If you are facing deportation proceedings because you are not a lawful permanent resident (LPR) of the U.S., you may be eligible for cancellation of removal. However, you will have to convince an immigration judge that your deportation would result in exceptional and extremely unusual hardship to a qualifying relative, defined as your LPR or U.S.-citizen spouse, parent, or unmarried child under age 21. This is a very difficult standard to meet. The assistance of an experienced immigration attorney is highly recommended in order to present your arguments in the most persuasive manner.
The immigration judge will make the exceptional and extremely unusual hardship decision not based on any one factor but rather based on the totality of the evidence. As you will see, it is generally easier to prove that your removal will create exceptional hardship for a child who was born in the U.S. than for a parent who grew up abroad or a self-sufficient adult spouse.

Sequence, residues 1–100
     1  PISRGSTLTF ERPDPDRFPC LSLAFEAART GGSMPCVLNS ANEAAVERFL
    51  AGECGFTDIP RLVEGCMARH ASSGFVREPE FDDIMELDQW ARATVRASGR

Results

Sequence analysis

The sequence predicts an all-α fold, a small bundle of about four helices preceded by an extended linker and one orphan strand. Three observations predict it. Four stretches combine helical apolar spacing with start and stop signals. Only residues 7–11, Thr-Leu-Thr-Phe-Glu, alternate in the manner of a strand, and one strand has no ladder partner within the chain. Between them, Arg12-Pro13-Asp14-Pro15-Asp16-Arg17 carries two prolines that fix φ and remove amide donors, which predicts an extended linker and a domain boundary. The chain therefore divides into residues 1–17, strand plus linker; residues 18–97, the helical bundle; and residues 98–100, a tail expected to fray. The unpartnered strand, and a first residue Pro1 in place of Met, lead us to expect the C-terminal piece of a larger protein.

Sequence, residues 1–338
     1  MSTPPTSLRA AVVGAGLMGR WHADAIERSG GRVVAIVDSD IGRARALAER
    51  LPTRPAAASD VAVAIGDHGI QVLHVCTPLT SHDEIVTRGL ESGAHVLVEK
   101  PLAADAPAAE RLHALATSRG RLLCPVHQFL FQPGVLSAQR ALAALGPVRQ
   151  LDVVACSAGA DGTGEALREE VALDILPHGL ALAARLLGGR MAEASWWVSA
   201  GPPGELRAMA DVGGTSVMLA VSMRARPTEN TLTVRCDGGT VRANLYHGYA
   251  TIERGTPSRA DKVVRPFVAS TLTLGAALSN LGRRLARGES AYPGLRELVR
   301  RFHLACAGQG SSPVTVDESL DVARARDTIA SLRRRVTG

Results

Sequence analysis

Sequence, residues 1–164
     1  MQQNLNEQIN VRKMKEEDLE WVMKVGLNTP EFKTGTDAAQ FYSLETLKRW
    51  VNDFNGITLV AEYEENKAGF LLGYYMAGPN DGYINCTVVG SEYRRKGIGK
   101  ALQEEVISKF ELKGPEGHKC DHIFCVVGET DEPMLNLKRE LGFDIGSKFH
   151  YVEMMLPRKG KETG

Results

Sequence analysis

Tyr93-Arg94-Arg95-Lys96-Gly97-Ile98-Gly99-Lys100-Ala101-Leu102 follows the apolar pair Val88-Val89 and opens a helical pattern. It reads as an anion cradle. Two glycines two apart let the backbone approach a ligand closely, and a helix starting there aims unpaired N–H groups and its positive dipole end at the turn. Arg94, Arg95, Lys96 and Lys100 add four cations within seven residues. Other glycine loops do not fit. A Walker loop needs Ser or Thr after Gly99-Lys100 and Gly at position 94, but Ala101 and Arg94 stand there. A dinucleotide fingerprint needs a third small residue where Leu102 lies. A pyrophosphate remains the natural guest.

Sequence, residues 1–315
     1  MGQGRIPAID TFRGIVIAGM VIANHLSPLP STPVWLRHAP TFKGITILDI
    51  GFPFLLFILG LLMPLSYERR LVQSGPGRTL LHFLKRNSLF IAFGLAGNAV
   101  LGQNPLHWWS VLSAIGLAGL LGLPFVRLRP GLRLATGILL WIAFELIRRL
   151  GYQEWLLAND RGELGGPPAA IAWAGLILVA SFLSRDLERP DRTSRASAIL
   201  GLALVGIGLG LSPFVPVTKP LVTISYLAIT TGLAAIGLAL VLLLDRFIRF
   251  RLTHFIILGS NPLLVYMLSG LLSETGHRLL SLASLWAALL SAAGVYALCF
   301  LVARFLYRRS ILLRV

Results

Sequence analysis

Factors that Add Up to Exceptional and Unusual Hardship
You will want to use as many of these factors as possible to make your case for exceptional hardship:...